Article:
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Crop Science Abstract - CROP BREEDING & GENETICS

Genotype Dependent Interspecific Hybridization of Sorghum bicolor


This article in CS

  1. Vol. 46 No. 6, p. 2617-2622
    Received: Sept 1, 2005

    * Corresponding author(s): g-hodnett@tamu.edu
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  1. H. James Pricea,
  2. George L. Hodnett *a,
  3. Byron L. Bursonb,
  4. Sally L. Dillonc,
  5. David M. Stellya and
  6. William L. Rooneya
  1. a Dep. of Soil and Crop Sciences, Texas A&M Univ., College Station, TX 77840-2474
    b USDA-ARS, Crop Germplasm Research Unit, 430 Heep Center, Texas A&M Univ., College Station, TX 77843-2474
    c Australian Tropical Crops and Forages Collection, Queensland Dep. of Primary Industries and Fisheries, Biloela, QLD, Australia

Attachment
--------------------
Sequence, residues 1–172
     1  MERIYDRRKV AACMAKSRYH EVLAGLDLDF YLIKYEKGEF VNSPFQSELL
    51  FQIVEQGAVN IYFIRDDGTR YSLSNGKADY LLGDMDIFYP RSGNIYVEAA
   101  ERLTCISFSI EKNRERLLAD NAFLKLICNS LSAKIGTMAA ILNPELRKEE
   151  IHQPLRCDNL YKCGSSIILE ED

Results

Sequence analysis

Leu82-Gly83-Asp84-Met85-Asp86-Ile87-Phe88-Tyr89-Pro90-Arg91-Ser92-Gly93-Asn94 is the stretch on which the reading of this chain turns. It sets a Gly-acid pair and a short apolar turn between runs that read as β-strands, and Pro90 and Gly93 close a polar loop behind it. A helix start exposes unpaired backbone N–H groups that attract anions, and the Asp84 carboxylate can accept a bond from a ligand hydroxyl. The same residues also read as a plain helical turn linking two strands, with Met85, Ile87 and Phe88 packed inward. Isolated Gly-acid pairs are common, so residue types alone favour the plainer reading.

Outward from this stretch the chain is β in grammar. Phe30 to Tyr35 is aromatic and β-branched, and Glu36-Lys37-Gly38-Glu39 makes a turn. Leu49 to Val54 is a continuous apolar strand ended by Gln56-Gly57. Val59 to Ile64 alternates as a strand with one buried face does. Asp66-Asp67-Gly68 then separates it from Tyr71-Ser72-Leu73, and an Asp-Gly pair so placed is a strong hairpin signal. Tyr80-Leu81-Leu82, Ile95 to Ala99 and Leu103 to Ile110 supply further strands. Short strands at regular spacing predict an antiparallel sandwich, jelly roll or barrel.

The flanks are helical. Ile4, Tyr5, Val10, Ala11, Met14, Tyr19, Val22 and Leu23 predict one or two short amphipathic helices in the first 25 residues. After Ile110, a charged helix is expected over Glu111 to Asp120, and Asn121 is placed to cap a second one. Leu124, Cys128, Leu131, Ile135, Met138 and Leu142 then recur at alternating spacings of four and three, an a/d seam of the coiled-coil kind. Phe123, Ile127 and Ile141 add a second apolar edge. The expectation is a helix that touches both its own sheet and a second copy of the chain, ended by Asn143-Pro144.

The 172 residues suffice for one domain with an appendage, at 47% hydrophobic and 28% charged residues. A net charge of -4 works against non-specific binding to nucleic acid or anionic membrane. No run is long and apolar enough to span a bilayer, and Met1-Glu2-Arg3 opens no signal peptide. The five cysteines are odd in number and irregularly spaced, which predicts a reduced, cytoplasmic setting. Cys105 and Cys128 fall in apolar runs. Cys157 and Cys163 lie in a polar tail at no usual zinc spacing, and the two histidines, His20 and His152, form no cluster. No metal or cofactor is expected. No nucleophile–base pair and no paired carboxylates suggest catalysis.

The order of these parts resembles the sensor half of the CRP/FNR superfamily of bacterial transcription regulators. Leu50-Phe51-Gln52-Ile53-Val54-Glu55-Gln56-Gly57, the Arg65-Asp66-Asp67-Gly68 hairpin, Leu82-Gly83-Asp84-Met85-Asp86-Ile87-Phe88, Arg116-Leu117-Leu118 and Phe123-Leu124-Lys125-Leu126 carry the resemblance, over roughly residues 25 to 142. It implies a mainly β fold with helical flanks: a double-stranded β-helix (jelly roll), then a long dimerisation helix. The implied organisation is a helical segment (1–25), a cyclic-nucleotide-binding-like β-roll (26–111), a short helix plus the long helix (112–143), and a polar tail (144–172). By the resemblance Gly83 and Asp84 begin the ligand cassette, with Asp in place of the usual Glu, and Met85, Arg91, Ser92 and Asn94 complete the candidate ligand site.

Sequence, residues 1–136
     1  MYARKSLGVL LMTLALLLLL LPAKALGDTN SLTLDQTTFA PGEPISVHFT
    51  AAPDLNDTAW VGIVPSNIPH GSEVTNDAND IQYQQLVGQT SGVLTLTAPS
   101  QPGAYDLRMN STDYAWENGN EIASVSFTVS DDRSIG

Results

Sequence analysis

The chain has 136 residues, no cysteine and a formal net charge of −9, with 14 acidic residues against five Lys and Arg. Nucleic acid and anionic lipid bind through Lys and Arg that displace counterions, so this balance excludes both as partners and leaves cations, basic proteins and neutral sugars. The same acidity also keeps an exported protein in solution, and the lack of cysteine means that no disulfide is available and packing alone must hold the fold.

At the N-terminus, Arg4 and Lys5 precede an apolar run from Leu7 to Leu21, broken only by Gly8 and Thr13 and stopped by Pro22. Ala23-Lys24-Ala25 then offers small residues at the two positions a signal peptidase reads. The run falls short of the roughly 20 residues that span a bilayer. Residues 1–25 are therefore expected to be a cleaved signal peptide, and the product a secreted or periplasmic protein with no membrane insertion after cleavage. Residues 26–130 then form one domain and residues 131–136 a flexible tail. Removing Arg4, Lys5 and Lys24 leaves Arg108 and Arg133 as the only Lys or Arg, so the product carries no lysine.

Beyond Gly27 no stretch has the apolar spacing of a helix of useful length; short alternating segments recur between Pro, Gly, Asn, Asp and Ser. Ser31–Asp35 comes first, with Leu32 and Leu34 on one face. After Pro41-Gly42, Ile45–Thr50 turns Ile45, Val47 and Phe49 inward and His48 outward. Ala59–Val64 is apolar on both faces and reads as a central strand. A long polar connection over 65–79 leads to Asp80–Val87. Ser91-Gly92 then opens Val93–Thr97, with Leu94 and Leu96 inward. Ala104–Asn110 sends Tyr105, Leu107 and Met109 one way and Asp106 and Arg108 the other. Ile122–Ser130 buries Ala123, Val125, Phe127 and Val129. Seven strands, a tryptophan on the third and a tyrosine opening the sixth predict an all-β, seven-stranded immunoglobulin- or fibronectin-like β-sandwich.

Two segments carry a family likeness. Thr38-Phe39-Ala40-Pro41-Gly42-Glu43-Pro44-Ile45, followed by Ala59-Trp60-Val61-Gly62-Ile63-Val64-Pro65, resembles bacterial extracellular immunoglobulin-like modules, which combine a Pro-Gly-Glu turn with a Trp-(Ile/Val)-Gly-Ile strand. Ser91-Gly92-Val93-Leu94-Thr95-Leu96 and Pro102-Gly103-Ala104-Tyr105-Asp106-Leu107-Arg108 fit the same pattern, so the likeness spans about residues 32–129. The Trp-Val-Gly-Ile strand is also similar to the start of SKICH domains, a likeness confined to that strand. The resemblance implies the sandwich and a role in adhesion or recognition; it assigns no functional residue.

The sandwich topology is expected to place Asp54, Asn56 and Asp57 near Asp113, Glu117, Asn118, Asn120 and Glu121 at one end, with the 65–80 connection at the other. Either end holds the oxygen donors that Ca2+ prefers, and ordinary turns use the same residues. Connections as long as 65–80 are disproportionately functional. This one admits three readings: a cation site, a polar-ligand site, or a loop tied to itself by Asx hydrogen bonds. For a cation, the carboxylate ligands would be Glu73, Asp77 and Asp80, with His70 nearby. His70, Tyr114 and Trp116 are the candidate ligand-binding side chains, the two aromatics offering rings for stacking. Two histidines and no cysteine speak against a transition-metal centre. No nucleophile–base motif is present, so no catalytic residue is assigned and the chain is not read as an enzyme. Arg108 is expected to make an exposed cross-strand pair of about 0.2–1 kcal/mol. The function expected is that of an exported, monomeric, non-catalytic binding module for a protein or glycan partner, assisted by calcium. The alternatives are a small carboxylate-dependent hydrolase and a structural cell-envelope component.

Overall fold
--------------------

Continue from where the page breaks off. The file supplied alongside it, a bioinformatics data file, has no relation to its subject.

Wild Australian Sorghum species are a tertiary gene pool to grain sorghum [Sorghum bicolor (L.) Moench], and they are of interest to breeders because of their resistance to important insects and pathogens. However, strong reproductive barriers have prevented hybridization between S. bicolor and these wild species. The purpose of this study was to determine if the recessive iap allele (dominant allele Iap = inhibition of alien pollen) would reduce or eliminate the pollen–pistil incompatibilities that prevent hybridization between S. bicolor and divergent Sorghum species. Cytoplasmic male-sterile S. bicolor plants, homozygous for the iap allele, were pollinated with three divergent Sorghum species, S. angustum Blake, S. nitidum (Vahl) Pers., and S. macrospermum Garber. The pollen of these three wild species readily germinated and the pollen tubes grew to the base of the S. bicolor ovary within 2 h after pollination. Hybrid embryos were detected in the S. bicolor florets 13 to 20 d post-pollination. Sorghum bicolor × S. angustum and S. bicolor × S. nitidum hybrids were obtained using embryo rescue followed by in vitro culture techniques and hybrids between S. bicolor and S. macrospermum were obtained by simply germinating the hybrid seed. These hybrids were confirmed by their morphological and cytological traits. These findings clearly demonstrate that the recessive iap allele circumvents pollen–pistil incompatibilities in the genus Sorghum and permits hybrids to be made between S. bicolor and species of the tertiary gene pool.

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